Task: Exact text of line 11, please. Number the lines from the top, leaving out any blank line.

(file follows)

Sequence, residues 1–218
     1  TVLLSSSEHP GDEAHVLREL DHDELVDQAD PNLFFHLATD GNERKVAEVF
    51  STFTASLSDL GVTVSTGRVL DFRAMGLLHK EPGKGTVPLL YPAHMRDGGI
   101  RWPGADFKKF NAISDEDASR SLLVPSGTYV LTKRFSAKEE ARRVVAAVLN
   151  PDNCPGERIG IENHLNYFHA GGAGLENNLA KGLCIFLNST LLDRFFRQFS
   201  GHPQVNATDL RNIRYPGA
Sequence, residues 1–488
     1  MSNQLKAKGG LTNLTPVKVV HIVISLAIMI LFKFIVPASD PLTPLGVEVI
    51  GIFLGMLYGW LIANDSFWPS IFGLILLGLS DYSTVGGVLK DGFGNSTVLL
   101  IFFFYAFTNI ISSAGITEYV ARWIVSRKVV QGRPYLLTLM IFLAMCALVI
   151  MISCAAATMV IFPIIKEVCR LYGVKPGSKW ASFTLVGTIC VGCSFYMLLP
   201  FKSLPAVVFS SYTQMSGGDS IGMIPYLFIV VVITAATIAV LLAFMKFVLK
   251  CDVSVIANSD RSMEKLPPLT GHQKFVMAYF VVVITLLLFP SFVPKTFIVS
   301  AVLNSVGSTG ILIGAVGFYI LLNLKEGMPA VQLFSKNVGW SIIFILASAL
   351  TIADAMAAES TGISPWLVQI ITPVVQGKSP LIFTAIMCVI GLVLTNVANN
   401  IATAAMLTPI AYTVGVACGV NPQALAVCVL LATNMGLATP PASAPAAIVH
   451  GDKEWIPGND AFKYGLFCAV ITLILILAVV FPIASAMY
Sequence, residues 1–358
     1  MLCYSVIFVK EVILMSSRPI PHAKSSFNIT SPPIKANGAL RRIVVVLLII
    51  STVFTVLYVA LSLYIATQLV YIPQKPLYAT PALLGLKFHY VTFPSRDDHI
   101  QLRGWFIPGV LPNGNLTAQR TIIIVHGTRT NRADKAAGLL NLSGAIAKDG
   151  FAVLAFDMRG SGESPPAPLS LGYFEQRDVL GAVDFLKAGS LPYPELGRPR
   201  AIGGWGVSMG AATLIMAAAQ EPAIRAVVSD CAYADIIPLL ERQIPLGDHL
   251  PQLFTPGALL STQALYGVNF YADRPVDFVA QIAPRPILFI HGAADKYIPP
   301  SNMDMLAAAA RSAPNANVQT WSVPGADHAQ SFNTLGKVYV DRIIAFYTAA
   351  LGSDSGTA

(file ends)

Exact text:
   151  MISCAAATMV IFPIIKEVCR LYGVKPGSKW ASFTLVGTIC VGCSFYMLLP